A dental sealant is an acrylic-like material that helps shield out decay-causing bacteria from the chewing surfaces of back teeth. We base our diagnosis and recommendation for dental sealants on the patient's susceptibility to tooth decay and how the teeth were shaped when they originally formed below the gum. Though there is no specific age at which sealants are indicated, often we will recommend that the best time to apply them is when the six-year molars (the first permanent back teeth) appear.
Depending on your chewing pattern, the sealant effect can last many years. Even though sealant material is durable, at subsequent dental appointments we make sure the sealant material is intact. Occasionally, we might need to replace or add a new layer of sealant material to keep the protective barrier strong and effective.
Chewing on ice cubes, hard candy or very sticky foods should be avoided as much as possible. Here are some tasty, healthful snack alternatives that, combined with sealants, fluoride and good home care, can help to reduce your susceptibility to tooth decay:
(The sealant material flows to the depth of the groove, sealing out decay-causing bacteria.)
• reduced fat peanut butter
• air-popped popcorn
• fresh vegetables
• fresh fruit
• sugar-free, non-fat fruit yogurt
• dry, unsweetened cereal
• low-fat cheese
Sealant material forms a protective barrier by bonding to tooth surfaces and covering natural depressions and grooves (called pits and fissures) in the teeth. More than 75 percent of dental decay begins in the pit and fissure areas of the back teeth. Combined with proper home care and regular dental visits, sealants are extremely effective in preventing tooth decay.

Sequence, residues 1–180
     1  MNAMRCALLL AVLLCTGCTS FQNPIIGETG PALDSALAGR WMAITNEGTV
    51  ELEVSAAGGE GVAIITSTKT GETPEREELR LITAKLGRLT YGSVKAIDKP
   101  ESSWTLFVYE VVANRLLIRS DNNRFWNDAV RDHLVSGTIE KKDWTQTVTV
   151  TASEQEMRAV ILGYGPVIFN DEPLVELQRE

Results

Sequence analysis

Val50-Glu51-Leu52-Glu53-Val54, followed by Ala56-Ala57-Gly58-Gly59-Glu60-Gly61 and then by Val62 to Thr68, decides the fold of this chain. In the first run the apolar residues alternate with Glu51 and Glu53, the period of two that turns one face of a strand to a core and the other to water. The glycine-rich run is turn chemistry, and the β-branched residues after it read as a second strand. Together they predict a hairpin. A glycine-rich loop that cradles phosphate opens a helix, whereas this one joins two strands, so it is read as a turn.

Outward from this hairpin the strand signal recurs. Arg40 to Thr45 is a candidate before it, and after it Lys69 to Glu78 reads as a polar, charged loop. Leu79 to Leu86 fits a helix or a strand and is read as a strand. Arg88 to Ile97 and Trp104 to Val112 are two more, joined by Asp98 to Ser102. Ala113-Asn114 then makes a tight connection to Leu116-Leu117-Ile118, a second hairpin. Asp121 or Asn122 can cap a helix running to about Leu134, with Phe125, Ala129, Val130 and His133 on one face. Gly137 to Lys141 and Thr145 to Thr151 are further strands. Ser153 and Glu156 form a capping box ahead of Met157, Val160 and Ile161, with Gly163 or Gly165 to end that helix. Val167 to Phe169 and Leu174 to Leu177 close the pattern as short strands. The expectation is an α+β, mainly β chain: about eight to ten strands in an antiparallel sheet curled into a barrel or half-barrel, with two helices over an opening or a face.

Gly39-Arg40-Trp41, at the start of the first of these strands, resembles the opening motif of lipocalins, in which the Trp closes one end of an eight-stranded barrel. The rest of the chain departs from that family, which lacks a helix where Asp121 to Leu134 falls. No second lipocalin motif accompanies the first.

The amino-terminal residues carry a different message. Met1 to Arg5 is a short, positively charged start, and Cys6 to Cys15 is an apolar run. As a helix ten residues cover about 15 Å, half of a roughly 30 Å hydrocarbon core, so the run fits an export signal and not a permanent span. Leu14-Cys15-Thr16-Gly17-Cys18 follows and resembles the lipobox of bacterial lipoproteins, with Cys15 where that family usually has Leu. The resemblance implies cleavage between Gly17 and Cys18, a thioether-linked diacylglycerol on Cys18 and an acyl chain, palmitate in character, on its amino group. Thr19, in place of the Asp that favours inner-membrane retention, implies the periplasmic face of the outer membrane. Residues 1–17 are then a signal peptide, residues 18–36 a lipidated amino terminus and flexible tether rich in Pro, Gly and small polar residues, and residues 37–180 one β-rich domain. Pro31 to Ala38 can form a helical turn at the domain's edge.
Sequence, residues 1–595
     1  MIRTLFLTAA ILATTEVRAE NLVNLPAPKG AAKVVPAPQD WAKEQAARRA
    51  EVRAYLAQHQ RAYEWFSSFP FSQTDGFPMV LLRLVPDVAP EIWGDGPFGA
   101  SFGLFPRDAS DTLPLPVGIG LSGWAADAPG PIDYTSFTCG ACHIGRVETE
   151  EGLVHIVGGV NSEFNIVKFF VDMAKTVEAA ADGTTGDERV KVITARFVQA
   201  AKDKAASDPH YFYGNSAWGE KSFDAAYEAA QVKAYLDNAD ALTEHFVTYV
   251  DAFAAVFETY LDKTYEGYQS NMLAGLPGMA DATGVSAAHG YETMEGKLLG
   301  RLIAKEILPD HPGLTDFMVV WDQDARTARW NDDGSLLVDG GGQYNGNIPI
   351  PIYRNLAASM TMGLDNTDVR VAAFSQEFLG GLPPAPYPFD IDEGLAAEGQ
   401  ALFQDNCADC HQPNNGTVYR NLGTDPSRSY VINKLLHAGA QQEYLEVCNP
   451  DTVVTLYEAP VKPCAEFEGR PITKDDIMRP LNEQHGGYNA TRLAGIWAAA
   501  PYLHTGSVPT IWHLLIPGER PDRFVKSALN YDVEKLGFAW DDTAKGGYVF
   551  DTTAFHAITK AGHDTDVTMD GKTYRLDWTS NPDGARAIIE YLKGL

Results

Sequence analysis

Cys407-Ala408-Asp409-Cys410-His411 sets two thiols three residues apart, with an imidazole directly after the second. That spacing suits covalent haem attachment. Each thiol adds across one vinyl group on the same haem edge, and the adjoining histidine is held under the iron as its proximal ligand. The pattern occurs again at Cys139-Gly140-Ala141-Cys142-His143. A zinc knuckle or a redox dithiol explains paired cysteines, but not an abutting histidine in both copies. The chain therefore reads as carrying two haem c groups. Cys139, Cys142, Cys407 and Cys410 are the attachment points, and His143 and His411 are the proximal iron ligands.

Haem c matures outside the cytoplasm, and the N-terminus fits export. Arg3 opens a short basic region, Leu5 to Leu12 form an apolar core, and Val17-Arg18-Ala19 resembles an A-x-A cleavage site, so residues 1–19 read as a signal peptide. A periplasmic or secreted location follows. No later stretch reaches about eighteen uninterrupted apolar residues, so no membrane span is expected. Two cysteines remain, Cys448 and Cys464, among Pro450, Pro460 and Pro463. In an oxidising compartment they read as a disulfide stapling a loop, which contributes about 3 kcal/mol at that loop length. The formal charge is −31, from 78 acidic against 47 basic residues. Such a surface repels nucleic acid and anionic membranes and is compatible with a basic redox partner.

Sealants are applied only to pit and fissure areas of specific teeth. Unfortunately, they cannot be applied to the surfaces in between teeth, where daily flossing is recommended to prevent decay. Though sealants are most often applied to children's teeth, many adults are now seeking the preventive benefits of pit and fissure sealants as well.
In this painless procedure, a solution is applied to the chewing surface of the tooth to condition the enamel and help it bond more effectively to the sealant material. The tooth is thoroughly washed and dried. Then the sealant material is applied and allowed to harden, sometimes using ultraviolet light. The procedure takes only a few minutes.
(Even a single toothbrush bristle cannot reach all the way into the depressions and grooves to extract food particles, bacteria and plaque.)
Sealants and fluoride are materials designed to preserve and prolong the life of your teeth by preventing dental decay. Sealants are applied topically to certain areas of individual teeth and are a visible sign that the tooth is being protected. Fluoride, on the other hand, may be used effectively from the prenatal stages through the adolescent period, when children are most prone to cavities. Once absorbed and retained in tooth enamel, fluoride stays on the teeth permanently, though invisibly. Unlike sealants, fluoride is supplied in a variety of forms, including commercially prepared mouth rinses, foams, gels, drinking water and many toothpastes.
Applying sealants and fluoride can be important steps in preventing tooth decay. Here are some other steps you should take to protect your teeth:
1. Brush and floss regularly.
2. Follow a balanced diet.
3. Visit us at least twice a year for routine checkups.
If you have any questions about sealants, please ask us. Sealants have proven to pre- vent tooth decay. Our goal is to help preserve your smile throughout your life, and sealants help make that possible. Sealants can help preserve your child's smile for a lifetime. Though dental sealants are not a cure-all in preventing tooth decay, they are cost-effective and helpful to patients particularly children in controlling decay in certain areas of the mouth.